Odysseus, Mercury and Circe
- (1570) pen and ink with wash and white heightening
over black chalk under-drawing on yellow washed paper
- 11.8 x 8.7 in. (29.9 x 22 cm.)
- The Royal Collection, London
This is a study for a painting in Francesco de’ Medici’s cabinet room or studiolo in the Palazzo Vecchio. See the framed oval image below for the final painting.
A breakdown of the scene:
Left Foreground: Odysseus enters Circe’s palace to release his crew. He is protected by a ‘moly root’ given by Mercury (shown with the winged helmet).
Center Right: Circe is shown feeding one of the crewmen a potion that will turn him into a pig. To her left is a man mid-transformation, on all fours with a pig’s head.
Middle ground: A servant feeds swine that we presume are crewmen already transformed.
Background: Penelope, the wife of Odysseus, is seated at her loom as she passes the years waiting for his return.
One further note: Homer’s Odyssey mentions only pigs, but though the popularity of the works by authors after Homer, Circe is ascribed with transformative powers that can turn Odysseus’ crew into a wide variety of creatures that even include oysters and elephants. Here a lion, a bear, a wolf and a fox are also represented.
Odysseus, Mercury and Circe
- (1572), oil on canvas
- Studiolo in the Palazzo Vecchio, Florence
This painting is Stradanus’ adaptation of his original pen and ink drawing above in order to accommodate the oval frame that was added as part of the final design. The scene breakdown above still applies.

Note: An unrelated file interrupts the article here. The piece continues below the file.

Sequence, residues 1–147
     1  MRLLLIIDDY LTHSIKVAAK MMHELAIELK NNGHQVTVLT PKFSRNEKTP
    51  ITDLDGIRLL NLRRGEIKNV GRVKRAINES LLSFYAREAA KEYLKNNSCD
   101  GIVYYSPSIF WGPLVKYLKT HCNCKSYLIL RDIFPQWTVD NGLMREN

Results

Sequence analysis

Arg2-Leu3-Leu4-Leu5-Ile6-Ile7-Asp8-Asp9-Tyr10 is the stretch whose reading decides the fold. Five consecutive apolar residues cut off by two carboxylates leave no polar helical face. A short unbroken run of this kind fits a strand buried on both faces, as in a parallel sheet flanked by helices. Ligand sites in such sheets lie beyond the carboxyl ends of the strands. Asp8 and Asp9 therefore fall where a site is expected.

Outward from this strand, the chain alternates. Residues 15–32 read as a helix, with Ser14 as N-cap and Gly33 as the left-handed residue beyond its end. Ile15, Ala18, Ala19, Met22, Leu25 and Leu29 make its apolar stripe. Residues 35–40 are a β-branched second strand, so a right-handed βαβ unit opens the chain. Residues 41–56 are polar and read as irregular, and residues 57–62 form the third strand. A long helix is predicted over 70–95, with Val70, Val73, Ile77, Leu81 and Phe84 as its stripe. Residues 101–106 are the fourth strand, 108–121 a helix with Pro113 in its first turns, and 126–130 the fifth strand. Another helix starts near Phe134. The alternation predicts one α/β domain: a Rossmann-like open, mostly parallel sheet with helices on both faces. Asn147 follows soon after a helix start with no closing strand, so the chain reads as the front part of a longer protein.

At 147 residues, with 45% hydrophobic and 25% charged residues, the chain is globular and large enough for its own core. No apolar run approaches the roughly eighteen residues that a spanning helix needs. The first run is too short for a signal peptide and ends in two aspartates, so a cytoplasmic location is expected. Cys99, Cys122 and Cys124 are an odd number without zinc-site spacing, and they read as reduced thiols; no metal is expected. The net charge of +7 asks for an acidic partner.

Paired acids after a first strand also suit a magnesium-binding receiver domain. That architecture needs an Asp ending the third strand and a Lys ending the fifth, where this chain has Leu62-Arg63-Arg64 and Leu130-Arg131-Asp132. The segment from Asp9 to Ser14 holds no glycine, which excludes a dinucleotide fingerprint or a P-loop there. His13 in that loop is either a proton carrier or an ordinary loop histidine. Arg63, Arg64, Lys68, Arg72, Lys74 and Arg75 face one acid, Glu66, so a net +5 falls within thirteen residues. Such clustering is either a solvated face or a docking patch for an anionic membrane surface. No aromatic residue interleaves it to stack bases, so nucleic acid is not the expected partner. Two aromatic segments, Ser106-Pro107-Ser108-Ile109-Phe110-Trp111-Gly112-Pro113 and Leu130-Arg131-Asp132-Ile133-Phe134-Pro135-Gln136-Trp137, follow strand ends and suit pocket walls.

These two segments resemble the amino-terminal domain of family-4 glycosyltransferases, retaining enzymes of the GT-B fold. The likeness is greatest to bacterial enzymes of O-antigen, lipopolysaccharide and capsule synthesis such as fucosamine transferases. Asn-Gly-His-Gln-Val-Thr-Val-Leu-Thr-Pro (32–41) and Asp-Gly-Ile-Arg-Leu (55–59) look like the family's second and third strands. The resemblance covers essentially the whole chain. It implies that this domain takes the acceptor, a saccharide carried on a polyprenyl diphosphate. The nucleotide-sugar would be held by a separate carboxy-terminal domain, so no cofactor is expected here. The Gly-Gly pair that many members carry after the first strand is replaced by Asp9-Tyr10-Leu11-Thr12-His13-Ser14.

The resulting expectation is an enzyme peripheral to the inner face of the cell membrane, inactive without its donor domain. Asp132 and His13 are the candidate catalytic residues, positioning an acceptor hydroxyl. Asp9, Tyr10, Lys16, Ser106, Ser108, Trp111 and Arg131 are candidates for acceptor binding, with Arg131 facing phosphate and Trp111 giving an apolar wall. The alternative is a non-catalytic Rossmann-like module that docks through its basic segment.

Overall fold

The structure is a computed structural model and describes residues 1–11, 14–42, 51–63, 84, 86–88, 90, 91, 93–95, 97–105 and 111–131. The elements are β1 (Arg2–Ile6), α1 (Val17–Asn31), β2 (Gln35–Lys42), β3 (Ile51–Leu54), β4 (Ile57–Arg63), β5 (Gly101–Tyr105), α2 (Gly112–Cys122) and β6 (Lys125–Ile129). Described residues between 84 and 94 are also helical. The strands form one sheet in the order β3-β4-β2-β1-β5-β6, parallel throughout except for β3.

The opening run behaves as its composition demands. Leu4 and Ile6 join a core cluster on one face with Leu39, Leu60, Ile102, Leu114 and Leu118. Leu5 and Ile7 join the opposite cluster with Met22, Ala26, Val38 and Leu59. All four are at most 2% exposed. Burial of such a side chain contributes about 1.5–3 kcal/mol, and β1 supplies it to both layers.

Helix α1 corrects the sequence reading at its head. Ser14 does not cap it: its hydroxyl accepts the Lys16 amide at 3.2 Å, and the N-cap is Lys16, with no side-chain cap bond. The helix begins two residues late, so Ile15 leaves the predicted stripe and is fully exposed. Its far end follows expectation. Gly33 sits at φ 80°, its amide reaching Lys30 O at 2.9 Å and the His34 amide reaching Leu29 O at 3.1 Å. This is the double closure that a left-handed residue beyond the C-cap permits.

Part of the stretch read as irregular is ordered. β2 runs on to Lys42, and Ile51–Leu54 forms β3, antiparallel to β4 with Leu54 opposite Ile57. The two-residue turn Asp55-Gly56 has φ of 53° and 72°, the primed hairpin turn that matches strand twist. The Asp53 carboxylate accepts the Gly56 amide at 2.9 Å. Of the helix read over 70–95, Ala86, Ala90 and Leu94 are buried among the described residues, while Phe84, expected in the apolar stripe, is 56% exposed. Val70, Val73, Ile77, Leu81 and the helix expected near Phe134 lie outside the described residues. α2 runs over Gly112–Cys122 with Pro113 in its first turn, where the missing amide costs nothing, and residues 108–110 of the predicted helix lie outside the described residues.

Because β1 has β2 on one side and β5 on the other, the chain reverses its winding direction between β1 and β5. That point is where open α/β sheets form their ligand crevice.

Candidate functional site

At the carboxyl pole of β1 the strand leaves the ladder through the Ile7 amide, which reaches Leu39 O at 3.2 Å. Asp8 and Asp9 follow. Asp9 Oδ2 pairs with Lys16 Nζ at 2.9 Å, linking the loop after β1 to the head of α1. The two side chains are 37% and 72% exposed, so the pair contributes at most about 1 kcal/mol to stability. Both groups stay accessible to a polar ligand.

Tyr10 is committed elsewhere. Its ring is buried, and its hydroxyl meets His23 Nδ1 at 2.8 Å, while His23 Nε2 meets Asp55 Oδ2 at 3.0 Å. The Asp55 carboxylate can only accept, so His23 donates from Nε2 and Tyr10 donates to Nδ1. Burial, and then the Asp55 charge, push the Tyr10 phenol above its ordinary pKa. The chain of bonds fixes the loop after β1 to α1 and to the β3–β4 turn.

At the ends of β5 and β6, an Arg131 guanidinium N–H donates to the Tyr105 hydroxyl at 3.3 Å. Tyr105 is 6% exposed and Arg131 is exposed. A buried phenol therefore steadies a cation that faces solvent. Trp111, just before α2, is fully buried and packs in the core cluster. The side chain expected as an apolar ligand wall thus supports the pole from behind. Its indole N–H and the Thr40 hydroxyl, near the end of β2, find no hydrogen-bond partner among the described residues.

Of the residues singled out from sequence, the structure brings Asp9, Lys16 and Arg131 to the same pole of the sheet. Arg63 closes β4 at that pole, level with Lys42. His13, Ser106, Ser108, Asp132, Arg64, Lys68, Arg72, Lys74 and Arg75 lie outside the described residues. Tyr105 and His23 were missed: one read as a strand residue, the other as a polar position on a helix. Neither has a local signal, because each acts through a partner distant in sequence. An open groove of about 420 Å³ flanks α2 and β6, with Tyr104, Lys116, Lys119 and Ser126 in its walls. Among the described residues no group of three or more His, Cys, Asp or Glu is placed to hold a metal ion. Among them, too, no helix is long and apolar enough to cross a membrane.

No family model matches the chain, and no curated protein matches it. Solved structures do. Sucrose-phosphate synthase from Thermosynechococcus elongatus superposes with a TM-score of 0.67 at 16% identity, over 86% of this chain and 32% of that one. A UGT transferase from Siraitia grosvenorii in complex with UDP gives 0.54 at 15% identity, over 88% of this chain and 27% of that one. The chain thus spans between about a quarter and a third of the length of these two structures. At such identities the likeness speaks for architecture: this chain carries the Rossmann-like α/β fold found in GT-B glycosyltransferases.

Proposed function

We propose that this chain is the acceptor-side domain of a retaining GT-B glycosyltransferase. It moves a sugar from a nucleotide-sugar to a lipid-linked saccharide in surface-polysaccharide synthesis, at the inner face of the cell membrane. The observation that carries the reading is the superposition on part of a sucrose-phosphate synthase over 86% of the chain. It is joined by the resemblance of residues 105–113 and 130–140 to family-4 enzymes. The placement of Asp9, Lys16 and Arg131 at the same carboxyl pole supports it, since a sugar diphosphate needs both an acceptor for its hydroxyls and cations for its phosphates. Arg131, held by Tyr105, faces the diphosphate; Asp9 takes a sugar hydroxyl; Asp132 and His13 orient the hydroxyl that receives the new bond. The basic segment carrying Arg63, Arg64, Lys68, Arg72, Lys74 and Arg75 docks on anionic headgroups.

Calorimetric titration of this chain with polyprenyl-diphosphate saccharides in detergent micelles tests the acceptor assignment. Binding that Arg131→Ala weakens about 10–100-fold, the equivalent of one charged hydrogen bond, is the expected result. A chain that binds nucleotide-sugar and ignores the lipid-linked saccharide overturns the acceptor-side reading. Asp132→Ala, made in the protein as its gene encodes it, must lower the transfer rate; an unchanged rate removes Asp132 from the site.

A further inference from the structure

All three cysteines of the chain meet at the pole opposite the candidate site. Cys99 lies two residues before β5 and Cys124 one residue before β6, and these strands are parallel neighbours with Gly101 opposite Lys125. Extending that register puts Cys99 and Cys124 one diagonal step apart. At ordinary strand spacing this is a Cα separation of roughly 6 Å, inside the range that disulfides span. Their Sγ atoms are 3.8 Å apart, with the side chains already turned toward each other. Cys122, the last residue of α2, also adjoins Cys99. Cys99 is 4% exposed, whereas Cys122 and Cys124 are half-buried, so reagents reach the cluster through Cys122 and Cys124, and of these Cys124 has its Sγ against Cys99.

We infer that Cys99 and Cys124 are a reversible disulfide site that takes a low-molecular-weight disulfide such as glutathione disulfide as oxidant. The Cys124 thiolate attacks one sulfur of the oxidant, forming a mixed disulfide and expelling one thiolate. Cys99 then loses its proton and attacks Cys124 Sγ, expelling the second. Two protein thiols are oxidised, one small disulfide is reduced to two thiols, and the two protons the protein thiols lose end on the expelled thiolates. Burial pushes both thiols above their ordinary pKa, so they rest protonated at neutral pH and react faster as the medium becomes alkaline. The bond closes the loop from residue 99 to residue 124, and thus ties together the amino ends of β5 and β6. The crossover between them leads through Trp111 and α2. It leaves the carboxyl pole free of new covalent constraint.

Odysseus and Circe
- (1562), fresco
- Sala di Penelope, Palazzo Vecchio, Florence
On the ceiling in the Sala di Penelope (Room of Penelope) is a fresco by Stradanus of Penelope at the loom. The image above is a segment of a continuous frieze of frescos that surrounds the room just below the ceiling. The theme is a composition of landscapes and seascapes of mythological content from the Odyssey. This room was originally intended as a study for Eleanora of Toledo (1522-1562), wife of Grand Duke Cosimo I de ‘Medici (1519-1574). [DES-01/11]
About the Artist
Giovanni Stradano (1523-1605) was a Flanders-born mannerist artist, print maker and tapestry designer active mainly in 16th century Florence. Born Jan van der Straet (or van der Straat), he travelled as a young man from Flanders to Italy where he adopted the name Giovanni Stradanus (or Stradano or Stratesis).
Stradano began his training in the shop of his father, then in Antwerp with [link id=’33’ text=’Pieter Aertsen’]. Stradano reached Italy by 1550 and worked in Venice, Florence and Rome. He entered in the service of the Medici Dukes and Giorgio Vasari. He also worked with Francesco Salviati in the decoration of the Vatican Belvedere and also worked in the Palazzo Vecchio and the villa of Poggio a Caiano. One of own students was the engraver [link id=’5722′ text=’Antonio Tempesta’].
From 1567 to 1577, Stradanus designed the Hunting Scene tapestry for Cosimo’s villa at Poggio a Caiano. The cartoons drew immediate success and were reproduced as engravings and published by Antwerp print makers on after his death. [DES-01/11]